Russia 2015

Russia Capital City

Yearbook 2015

Russia, also known as Russian Federation by Digopaul is a country located in Eurasia continent. At the New Year, the Euro-Asian Economic Union came into force, with the Russian Federation, Belarus, Kazakhstan, Armenia and Kyrgyzstan joining. But in several of the countries there was opposition to what was perceived as more or less Russian coercion.

Trade in the new Union could not outweigh the Western sanctions that followed the Russian annexation of Crimea and the involvement in the war in eastern Ukraine. The Russian economy was also hard pressed by the low oil price, industrial production declined and GDP was expected to shrink by about 4% during the year. The ruble lost about half its value against the dollar, there was a shortage of imported goods and prices went up.

Ukraine accused Moscow of reinforcements and weapons reinforcements to the separatists in eastern Ukraine. In January, the EU extended and extended its sanctions because of the war, while the Kremlin announced Russian military reinforcement in Crimea, Kaliningrad and the Arctic, three sensitive areas in relation to the US and NATO. According to COUNTRYAAH, Moscow is the capital of Russia which is located in Eastern Europe.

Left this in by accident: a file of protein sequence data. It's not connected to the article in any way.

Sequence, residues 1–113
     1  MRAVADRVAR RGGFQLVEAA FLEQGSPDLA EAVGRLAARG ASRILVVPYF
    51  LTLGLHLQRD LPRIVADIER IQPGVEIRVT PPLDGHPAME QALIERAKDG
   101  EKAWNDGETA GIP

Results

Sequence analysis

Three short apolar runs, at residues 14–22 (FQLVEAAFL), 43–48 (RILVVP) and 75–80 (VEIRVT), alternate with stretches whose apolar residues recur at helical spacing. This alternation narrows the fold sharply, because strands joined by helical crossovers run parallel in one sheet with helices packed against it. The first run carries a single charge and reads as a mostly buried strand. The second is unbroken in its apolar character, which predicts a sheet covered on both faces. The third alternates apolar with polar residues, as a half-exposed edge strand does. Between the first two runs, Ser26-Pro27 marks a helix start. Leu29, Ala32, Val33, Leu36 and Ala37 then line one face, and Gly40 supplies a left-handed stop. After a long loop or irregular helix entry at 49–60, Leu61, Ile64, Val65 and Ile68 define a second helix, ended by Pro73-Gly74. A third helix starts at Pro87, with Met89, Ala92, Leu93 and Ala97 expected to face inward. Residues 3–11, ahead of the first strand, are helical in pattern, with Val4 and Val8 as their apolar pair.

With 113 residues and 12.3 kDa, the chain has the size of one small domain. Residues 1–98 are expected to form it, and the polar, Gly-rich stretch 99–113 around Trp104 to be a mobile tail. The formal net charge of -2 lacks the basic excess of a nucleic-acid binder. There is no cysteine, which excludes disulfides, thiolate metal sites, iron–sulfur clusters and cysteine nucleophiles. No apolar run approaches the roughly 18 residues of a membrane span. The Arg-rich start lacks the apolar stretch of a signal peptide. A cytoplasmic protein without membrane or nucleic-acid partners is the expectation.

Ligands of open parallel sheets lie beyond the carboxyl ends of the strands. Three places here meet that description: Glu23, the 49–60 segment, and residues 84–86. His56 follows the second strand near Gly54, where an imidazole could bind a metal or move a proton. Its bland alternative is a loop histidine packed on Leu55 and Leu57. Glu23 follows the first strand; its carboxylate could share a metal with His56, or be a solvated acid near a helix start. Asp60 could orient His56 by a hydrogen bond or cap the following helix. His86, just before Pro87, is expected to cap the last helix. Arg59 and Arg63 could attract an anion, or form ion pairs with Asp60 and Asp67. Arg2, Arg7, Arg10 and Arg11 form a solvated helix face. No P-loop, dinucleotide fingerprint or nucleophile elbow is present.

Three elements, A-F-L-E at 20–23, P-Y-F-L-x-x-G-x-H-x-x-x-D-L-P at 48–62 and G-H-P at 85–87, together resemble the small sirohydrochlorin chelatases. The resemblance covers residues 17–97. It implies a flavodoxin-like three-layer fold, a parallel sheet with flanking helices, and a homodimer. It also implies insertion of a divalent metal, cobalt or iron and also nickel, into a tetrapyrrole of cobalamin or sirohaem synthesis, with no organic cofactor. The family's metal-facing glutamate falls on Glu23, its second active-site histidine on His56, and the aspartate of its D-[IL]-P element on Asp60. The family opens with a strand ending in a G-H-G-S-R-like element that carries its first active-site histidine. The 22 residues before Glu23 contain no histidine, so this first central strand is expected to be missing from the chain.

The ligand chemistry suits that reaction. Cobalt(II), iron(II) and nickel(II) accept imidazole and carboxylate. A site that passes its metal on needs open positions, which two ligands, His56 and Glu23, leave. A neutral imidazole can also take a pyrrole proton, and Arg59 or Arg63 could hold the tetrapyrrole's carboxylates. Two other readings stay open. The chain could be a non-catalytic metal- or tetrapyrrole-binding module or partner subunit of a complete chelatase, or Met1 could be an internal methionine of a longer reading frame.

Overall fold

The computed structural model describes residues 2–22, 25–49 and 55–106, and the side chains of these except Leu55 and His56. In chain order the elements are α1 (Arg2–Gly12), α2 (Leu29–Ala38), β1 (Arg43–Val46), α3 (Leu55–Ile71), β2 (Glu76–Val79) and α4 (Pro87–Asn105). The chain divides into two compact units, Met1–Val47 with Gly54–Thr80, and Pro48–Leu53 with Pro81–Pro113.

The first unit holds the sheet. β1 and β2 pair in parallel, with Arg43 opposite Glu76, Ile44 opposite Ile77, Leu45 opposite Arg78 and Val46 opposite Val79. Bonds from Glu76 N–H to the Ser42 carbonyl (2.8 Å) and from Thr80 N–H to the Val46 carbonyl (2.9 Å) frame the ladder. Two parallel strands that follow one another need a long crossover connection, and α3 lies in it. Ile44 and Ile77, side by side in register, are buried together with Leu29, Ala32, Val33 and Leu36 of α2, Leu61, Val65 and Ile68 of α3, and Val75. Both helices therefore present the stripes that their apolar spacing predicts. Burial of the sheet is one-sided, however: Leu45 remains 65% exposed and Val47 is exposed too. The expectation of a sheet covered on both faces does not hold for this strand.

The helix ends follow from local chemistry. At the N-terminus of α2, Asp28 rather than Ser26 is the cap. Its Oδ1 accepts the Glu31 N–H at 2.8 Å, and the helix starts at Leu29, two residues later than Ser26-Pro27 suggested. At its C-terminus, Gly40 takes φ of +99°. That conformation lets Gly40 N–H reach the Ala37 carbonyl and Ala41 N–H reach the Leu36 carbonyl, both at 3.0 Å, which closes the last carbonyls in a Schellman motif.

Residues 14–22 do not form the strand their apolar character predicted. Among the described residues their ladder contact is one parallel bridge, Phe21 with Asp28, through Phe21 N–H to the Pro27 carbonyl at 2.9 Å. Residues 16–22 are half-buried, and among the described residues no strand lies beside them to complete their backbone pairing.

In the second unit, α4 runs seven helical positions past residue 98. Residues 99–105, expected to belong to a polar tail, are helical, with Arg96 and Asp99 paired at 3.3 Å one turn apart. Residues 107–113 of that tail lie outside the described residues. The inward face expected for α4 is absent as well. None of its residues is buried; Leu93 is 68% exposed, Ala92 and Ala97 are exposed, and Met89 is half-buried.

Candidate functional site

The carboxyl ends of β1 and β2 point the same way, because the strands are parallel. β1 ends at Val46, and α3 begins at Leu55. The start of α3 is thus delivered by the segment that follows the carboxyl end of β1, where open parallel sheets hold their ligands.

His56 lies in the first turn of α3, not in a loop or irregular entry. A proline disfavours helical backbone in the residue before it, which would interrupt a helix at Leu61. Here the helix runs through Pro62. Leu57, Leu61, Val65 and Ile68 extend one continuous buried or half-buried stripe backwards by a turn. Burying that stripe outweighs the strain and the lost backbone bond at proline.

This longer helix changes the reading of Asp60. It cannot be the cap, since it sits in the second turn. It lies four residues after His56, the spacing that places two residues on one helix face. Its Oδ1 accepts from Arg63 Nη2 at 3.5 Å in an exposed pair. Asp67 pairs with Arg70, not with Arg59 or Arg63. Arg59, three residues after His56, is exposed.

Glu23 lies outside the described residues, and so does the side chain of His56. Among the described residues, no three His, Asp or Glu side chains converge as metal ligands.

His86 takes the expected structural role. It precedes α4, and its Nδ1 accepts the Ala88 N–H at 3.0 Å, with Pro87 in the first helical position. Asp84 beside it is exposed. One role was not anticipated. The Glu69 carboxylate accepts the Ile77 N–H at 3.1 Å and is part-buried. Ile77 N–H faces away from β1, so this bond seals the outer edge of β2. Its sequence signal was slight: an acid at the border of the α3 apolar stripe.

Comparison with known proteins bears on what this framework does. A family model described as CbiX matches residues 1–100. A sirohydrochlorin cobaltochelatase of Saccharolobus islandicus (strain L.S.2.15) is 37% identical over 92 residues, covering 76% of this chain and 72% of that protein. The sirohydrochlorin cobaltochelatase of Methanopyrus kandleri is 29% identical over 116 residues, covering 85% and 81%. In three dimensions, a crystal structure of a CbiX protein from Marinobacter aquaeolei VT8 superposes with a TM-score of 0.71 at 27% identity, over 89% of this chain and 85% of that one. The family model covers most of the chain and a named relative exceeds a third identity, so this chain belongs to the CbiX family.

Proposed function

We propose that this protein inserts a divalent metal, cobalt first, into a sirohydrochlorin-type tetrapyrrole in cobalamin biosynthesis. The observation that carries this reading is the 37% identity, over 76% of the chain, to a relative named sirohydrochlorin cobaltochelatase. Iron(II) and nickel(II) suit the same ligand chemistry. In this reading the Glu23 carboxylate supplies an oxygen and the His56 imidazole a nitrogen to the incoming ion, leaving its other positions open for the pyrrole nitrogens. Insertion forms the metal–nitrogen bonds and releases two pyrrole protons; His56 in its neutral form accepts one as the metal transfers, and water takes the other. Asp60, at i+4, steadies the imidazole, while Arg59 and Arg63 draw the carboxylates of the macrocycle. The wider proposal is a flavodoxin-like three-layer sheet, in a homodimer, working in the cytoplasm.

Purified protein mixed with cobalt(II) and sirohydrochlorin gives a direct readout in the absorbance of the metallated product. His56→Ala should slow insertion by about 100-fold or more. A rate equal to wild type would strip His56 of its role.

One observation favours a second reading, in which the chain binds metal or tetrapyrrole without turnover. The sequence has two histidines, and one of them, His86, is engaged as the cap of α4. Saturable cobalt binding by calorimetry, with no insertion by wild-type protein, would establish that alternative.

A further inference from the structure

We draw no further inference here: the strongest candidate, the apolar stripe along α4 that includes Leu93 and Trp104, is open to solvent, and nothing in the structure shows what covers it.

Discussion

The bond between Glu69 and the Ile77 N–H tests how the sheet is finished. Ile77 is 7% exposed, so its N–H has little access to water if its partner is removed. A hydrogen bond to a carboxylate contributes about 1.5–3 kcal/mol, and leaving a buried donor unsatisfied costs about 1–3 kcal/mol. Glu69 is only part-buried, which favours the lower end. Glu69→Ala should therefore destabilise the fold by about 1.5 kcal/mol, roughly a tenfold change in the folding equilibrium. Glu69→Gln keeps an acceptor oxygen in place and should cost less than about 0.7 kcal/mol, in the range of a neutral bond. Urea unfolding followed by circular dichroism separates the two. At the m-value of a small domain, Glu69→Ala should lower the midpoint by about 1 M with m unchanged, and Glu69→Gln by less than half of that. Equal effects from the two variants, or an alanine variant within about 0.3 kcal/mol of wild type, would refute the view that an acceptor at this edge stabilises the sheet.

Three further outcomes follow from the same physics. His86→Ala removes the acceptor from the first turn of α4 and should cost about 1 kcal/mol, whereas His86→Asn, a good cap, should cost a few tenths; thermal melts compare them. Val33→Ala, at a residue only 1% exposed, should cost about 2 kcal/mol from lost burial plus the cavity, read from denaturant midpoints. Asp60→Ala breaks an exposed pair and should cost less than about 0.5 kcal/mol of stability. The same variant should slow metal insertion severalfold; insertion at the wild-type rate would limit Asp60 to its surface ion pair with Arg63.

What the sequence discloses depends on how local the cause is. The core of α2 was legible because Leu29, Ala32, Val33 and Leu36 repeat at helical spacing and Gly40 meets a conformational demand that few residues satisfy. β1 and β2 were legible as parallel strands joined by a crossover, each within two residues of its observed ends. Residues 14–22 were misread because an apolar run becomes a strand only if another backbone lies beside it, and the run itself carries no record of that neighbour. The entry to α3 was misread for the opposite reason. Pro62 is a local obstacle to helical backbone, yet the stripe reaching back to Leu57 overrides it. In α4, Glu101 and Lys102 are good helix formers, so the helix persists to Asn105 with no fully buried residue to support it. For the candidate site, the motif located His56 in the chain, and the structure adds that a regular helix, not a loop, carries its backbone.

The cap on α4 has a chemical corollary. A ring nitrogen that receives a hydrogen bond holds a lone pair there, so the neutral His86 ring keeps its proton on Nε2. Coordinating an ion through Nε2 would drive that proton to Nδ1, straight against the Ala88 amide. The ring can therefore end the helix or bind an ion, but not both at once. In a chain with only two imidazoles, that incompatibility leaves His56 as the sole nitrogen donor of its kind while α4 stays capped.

In February, a new ceasefire agreement was signed in Ukraine, but the Russian side was accused of continuing to supply heavy weapons to the separatists. The ceasefire was broken quickly and NATO called for the Kremlin’s support for the separatists.

President Vladimir Putin’s supporters in the so-called Anti-Majdan movement demonstrated in February with around 40,000 participants in Moscow. It was a protest against the change of power in Ukraine a year earlier when the Russian-backed regime overthrew.

Progressive Party leader Aleksey Navalnyj was arrested by police in February and was sentenced to 15 days in prison when he called for a demonstration against Putin. But the opposition was hit even worse that month when RPR Party leader Boris Nemtsov was assassinated on an open street in Moscow. Nemtsov, who was shot in the back, was reported to have evidence of Russian involvement in the war in Ukraine. The opposition accused the regime of being behind the murder.

Nemtsov’s report was published posthumously stating that at least 220 Russian soldiers had been killed in the war in eastern Ukraine, and that Russian invasion of the country had occurred on a large scale on two occasions. The soldiers’ relatives had been silenced under threat of prosecution.